By Christopher Connell
Corruption has no borders, and corruption-related problems concern rich and poor countries alike.
“You cannot deal with it just by pointing fingers at the developing world,” said Adrian Fozzard, director of the Stolen Asset Recovery Initiative, a United Nations/World Bank project. Businesspeople paying bribes for concessions and contracts in developing nations often come from wealthier countries, and proceeds from corruption often go back to their financial centers, he said.
THE LONG ARM OF THE LAW REACHES FARTHER
Law enforcement authorities increasingly recognize they cannot fight bribery or embezzlement without the cooperation of their counterparts overseas: The long arm of the law must reach across oceans, borders and jurisdictions these days. Two major international laws — the 1997 Organisation for Economic Co-operation and Development’s Convention on Combating Bribery of Foreign Public Officials and the 2003 U.N. Convention Against Corruption (UNCAC) — have given law enforcement agencies the legal ground to pursue their anti-corruption efforts beyond their national borders.
National authorities such as the U.S. Federal Bureau of Investigation (FBI), Britain's Scotland Yard and Hong Kong’s Independent Commission Against Corruption are not the only ones on the trail of corrupt corporate officers and leaders who loot national treasuries. Private lawyers such as Swiss attorney Enrico Monfrini are in the fray too. They bring civil cases to recover proceeds from corruption. James Maton, a commercial litigator in London, helped Nigeria recover $120 million of the billions that Sani Abacha stole during his five years as dictator and hid in bank accounts in the United Kingdom.
Maton, a partner with the law firm of Edwards Angell Palmer & Dodge LLP, said civil lawsuits to recover assets sometimes move forward when criminal investigations stall. In the Abacha case, “we’ve had enormous assistance from the law enforcement agencies that carried out the investigation,” he added.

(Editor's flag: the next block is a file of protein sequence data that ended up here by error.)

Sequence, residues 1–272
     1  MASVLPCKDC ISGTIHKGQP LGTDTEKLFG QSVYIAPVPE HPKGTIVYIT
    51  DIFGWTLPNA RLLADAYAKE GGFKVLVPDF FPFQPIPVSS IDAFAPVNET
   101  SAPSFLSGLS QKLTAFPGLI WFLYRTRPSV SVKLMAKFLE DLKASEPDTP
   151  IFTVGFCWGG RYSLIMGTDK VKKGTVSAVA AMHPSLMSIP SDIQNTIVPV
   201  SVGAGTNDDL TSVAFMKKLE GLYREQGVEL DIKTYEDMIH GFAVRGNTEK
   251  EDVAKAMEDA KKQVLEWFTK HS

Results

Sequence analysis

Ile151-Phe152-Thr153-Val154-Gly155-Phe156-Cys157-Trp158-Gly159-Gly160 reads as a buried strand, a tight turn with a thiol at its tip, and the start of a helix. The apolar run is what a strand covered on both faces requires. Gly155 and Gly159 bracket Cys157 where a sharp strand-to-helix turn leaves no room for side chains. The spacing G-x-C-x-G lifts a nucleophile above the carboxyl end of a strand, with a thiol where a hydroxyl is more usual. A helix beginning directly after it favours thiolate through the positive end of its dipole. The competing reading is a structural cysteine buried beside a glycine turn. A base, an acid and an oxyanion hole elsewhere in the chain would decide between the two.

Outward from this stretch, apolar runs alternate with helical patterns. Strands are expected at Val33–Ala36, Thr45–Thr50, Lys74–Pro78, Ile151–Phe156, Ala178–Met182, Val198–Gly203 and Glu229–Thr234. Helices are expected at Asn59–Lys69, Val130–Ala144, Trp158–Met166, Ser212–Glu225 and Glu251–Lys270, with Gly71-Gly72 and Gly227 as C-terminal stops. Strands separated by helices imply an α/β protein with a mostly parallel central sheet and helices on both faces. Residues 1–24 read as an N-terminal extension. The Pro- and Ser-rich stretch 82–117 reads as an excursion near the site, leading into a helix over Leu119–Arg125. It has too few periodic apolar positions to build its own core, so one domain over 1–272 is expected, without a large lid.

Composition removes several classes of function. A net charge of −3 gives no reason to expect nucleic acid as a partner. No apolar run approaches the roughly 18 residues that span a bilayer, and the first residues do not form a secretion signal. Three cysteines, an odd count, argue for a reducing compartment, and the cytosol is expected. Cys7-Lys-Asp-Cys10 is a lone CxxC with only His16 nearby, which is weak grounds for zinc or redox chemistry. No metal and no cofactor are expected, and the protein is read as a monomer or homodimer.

In the United States, government agencies collaborate to fight bribery and kleptocracy. The FBI has an entire squad dedicated to investigating violations of the Foreign Corrupt Practices Act, a 1977 law that makes it illegal to bribe a foreign official to secure a business deal.
“It’s a huge, collective effort,” said FBI Special Agent Debra LaPrevotte.
When Siemens AG, the German engineering giant, admitted its routine payment of bribes to win contracts globally, LaPrevotte got hold of bank records that showed $1.2 million went to the son of the former prime minister of Bangladesh, who stashed it in a Singapore account listed under his children’s initials. Thanks to cooperation by U.S., German and Singapore authorities, the account was frozen.
WHEN ENFORCEMENT LAGS
The U.S. Justice Department goes aggressively after corporate bribery, but many other countries do not. In 2011, Transparency International, an anti-corruption watchdog, saw “little or no enforcement” in more than half of the countries that signed the OECD anti-bribery convention.
However, the UNCAC has ratcheted up pressure on all signatory nations. The overwhelming majority now agree on standards to which public officials and businesses must be held. Robert Leventhal, who directs anti-corruption and governance Initiatives within the State Department, said: “The challenge now is to work with countries to put these standards into practice.”
With the UNCAC monitoring mechanism in place, and the first batch of countries undergoing the review, chances for improvements are increasing, U.S. officials said.
Christopher Connell is a freelance writer.